Liverpool recently announced that they have opened their fourth club store in Thailand, further, extending the reach they have into the Asian market.
The Reds are reigning Premier League champions, but even prior to lifting that coveted title, they had global appeal rivalled only by Manchester United. Arguably the two biggest clubs in the world, both tap into the lucrative Asian market, where the hunger for the English domestic game is as big, if not bigger than for their own football clubs.
The new retail store is situated on the second floor of Central Festival in Chiang Mai and follows the successful opening of the three stores in Pattaya, Bangkok and Central Phuket, two of which were opened by Glenn Johnson. Thailand is an important market in Asia as a result of economic growth and the popularity of football, but according to Jonathan Kane, director of international business development for Liverpool Football Club and Athletic Grounds, all of Asia is key to big English club’s marketing strategy.
“Rapid economic growth in Asia has created greater opportunities for the club to strengthen cooperation and drawn strategies to promote the team and business here. The club foresees a lot of Asia businesses that could cooperate with the team in order to create mutual benefit for both sides,” Kane said.
Asian is a lucrative market for the world’s big clubs due to the passion for sports, with Thailand one such country many clubs are targeting. The matchday experience is very different there to that of English fans, with the pre-match ritual very different. Sports wagers are not legal in Thailand, according to Expatbets, with only horse racing and the lottery accepted forms of gambling in the country, which means no trip to the bookmakers before a game to place an accumulator. Another advantage is the accessibility of English football on TV in Thailand and across Asia. The teams, players and action feel very personal because they often watch matches live, even 3pm kick-offs, which are protected in Europe.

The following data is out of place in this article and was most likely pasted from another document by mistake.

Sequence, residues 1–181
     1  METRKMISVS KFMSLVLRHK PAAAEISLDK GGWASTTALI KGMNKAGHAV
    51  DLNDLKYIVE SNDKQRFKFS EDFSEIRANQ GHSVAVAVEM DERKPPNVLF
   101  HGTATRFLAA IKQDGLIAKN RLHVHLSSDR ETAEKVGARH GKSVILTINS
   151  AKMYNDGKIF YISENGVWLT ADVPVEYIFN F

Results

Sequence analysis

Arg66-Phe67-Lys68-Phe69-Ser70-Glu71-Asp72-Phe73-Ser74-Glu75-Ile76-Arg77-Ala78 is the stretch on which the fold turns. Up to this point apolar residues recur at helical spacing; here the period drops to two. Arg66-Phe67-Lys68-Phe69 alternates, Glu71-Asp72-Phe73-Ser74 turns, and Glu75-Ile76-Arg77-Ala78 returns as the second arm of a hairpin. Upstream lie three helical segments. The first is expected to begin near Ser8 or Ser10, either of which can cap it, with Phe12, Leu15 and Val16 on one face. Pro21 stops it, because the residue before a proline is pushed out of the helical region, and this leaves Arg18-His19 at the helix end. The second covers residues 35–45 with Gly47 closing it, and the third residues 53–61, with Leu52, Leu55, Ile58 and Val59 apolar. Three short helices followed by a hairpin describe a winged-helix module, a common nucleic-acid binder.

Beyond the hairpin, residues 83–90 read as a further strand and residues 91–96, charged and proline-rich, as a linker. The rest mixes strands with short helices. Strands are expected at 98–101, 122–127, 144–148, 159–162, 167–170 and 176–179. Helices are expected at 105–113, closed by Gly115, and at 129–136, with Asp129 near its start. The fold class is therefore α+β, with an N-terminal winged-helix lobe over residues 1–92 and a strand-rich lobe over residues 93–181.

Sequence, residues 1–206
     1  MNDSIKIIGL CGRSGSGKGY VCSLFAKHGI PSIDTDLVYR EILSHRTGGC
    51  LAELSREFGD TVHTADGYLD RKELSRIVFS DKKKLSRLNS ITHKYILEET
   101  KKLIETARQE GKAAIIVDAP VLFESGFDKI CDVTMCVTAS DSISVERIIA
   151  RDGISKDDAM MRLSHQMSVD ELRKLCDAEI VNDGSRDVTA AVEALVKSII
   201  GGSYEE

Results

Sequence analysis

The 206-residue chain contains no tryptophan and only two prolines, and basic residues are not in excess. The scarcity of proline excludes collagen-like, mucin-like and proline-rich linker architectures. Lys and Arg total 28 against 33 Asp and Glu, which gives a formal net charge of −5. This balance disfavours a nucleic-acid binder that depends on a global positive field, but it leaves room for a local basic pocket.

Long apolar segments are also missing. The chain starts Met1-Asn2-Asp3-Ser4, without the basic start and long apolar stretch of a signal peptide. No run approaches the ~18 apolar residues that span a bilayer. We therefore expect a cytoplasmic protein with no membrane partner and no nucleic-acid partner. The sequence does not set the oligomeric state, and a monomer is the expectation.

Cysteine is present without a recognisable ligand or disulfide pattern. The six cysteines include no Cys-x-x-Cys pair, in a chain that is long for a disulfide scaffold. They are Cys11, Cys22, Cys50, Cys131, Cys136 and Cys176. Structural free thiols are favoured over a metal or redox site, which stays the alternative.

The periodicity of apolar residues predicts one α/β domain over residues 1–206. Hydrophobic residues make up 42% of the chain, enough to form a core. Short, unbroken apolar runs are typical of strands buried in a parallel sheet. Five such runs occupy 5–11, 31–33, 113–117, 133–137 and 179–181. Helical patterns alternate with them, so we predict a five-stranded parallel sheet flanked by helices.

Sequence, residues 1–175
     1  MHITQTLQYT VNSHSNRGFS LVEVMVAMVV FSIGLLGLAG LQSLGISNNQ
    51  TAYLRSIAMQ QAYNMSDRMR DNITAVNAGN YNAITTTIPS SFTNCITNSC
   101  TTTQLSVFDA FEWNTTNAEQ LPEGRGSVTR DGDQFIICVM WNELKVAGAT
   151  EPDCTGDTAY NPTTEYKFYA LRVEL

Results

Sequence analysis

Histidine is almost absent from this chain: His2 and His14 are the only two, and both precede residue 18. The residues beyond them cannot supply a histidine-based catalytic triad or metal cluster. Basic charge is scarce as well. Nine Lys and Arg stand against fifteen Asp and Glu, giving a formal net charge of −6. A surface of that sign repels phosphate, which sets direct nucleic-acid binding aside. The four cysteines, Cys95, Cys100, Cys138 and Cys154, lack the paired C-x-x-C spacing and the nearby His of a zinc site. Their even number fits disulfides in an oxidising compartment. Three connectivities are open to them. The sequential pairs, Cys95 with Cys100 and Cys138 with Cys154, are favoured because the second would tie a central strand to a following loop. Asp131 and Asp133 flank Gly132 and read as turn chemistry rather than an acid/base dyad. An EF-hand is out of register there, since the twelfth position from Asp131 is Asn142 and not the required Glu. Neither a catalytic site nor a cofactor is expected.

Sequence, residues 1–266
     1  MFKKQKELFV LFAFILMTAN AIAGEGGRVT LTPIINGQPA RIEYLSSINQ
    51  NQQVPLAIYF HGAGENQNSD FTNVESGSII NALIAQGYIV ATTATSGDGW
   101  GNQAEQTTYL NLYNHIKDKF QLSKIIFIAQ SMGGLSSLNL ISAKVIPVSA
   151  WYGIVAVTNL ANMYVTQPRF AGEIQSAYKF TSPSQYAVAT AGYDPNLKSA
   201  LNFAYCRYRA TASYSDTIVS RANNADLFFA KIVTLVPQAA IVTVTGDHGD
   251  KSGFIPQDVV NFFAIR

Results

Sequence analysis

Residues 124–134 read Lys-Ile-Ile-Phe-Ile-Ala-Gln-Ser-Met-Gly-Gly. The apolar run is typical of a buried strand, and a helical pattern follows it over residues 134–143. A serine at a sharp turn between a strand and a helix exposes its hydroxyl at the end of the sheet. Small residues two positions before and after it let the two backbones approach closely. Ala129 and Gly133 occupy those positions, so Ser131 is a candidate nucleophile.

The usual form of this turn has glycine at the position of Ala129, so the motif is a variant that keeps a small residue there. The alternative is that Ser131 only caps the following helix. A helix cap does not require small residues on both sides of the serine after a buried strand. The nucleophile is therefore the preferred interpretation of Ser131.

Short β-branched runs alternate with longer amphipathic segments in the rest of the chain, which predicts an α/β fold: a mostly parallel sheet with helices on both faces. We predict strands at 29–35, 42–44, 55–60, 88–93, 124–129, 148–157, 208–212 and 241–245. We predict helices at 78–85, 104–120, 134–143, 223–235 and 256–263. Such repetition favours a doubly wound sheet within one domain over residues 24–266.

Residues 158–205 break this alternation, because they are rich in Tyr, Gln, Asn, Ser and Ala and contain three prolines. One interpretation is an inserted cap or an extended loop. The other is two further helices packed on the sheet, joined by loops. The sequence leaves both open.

The thirst for the English game is huge in Thailand. The average attendance for a Thai league game is 4,466, yet as far back as 2005, a Premier League Asia game between Thailand Under 23s and Bolton Wanderers attracted 49,000 fans. The hunger for football is certainly evident in Thailand, despite the cultural difference in the experience. Liverpool alone are thought to have 14 million Thai fans and even launched a Thai-language website to further connect with those supporters.
Whilst Manchester United and Liverpool are the undoubted biggest draws in English football, other Premier League teams have tried to grow their brand in Thailand. In 2007, Manchester City hoped to expand their appeal by signing three Thai players, none of whom managed to break through for the Citizens. Three other clubs have become more popular in recent years due to having Thai owners – Leicester City being the biggest after their 2016 Premier League title win. Oxford United of League Two and Sheffield Wednesday are also Thai-owned and have a following in the region. Still, the north-west rivals remain the biggest clubs in the country by some distance.
Cracking the area means a steady income that can help fund Liverpool’s drive to preserve their status as a European superpower. The wider the club’s appeal, the greater the commercial income and the spending power. With the mega-riches available in Premier League often shared amongst the big clubs in equal portions, it makes seizing initiative elsewhere in the world hugely important, both at ground level with supporters and for potential investors from the region.